At work it’s also very hard to be nurturing, giving, everyone has their own agenda, I included. And suddenly an opportunity has come up for me to teach full time, little people. I know it will change me, life will be less complicated in some aspects and more difficult in others, money being one as a teachers salary will be a shadow of what I earn now. But maybe it’s time to step back and allow God to work on my heart and be more patient with older people, to have fewer stresses of a corporate nature and have simpler stresses, of forming young minds, ha as if that’s simpler but you know what I mean, I hope. Maybe it’s time for me to step up that motherhood of a different kind and know I am changing lives, something I am not always sure of at work. Maybe… if only God’s whispers were louder, you know like shouts. Should I pursue this new opportunity or not?!?!? One day I’ll be sure what He wants me to do. For now, I’ll ponder this passage and finish reading The Great Divorce, well listen to it.

waxless xoxoxo

Photo by rahego

The new me?

Sep
15

I don’t know how much of this is really new, I mean this is stuff that has always been in me but is being shown more expressly. I have always wanted to write but this is becoming more of an insistent longing in my heart, I’ve always wanted to follow the churches precepts but it has become more clear and somewhat easier of late…case in point on modesty… I no longer wear clothes willy-nilly, I first ask myself is it appropriate, modest, will it lead another to sin etc. and although I have slacked a bit, I want to veil in church at least and this quote from “The Mystery of Femininity” (from Women and the Priesthood, p. 65) by Alice von Hildebrand:

“. . .

It is not by accident that women traditionally wore a veil, and that, up to Vatican II, they wore veils in Catholic churches. This custom was deeply symbolic, and alas this symbolism is now lost. Under the influence of feminism, many Catholics were led to believe that veiling indicated some sort of inferiority, and for this reason it was abolished. This interpretation rests on a misunderstanding. Far from indicating inferiority, the veil points to sacredness. While we do cover what is ugly or decaying, we also veil what is sacred, mysterious and sublime. When Moses came down from Mount Sinai, he covered his face to hide the glow that was apparent because God had deigned to speak with him: Moses’ body reflected the depth and mystery of his experience. Every woman caries within herself a secret most sacred, mysterious and sublime. This secret is life. . . .In the mystery of the female body, human life finds its beginning . . .There God creates a new soul which is exclusively his work, and in which neither father nor mother has a part. . . .at that very moment a closeness exists between divine action and the female body which marks the latter as sacred ground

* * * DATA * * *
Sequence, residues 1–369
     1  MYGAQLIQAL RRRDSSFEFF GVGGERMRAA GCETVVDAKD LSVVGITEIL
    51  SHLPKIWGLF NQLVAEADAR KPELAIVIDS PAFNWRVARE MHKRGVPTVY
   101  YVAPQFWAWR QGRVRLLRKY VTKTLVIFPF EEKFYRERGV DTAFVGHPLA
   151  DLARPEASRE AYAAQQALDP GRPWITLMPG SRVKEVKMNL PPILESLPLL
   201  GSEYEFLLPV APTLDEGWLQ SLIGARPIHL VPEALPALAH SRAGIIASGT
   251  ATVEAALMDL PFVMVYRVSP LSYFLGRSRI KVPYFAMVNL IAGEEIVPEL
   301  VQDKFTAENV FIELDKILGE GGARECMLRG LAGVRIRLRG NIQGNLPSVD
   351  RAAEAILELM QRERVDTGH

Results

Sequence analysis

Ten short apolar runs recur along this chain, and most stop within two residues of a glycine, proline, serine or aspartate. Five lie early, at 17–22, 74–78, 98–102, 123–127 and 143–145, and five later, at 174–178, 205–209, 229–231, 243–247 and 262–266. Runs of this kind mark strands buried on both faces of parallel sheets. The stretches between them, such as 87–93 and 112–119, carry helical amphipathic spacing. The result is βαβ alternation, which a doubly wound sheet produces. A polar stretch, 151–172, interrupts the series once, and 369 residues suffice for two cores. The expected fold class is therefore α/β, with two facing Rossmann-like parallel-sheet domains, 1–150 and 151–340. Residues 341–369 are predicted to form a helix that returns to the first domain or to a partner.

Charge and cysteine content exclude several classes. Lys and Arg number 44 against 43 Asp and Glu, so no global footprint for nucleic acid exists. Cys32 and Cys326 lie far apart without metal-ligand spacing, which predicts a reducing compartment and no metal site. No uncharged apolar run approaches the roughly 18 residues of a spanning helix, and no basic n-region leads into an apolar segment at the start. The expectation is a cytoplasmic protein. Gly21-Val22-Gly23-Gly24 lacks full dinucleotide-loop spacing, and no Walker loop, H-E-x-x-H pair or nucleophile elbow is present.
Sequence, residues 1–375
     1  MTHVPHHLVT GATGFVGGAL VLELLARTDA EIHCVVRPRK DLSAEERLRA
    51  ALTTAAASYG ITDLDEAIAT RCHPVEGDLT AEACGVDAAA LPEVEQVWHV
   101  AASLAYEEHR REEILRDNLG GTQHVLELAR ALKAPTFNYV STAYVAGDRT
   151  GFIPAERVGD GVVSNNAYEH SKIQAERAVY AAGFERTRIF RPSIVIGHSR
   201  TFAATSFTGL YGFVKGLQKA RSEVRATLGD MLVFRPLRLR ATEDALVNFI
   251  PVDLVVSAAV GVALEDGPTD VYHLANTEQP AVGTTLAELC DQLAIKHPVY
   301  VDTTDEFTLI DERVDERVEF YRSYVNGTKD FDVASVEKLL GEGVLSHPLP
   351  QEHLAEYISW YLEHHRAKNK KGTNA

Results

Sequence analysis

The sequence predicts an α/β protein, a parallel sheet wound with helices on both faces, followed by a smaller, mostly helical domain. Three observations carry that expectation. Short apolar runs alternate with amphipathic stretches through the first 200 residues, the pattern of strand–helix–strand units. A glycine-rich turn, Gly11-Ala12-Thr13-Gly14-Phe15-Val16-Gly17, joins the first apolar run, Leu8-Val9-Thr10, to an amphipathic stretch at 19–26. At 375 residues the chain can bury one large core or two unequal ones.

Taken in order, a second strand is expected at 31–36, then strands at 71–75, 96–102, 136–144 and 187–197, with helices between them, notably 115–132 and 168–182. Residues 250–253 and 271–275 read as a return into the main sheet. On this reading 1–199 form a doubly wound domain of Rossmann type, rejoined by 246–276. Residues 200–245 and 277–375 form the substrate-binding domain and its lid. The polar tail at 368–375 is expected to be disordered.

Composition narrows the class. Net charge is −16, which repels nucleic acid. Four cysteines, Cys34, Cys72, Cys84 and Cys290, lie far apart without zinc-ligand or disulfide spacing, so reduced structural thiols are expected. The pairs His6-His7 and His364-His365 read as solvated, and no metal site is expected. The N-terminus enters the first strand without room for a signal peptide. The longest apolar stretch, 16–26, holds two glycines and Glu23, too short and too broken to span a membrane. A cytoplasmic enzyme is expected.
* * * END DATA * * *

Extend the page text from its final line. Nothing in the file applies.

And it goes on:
…”

This just reiterates what I have been learning from Theology of the body and NFP, that I am sacred, holy and my femininity sets me apart and is holy and sacred, all for God’s glory!

feminine  photo
I love discovering writing that seems to get to the core of my own longings and desires. It is as if I am meeting a long lost favourite family member with whom I shared childhood secrets and they are reminding me of them. It tells me I am not alone in life’s journey and each day is a day to discover more kin in spirit! how awesome is that!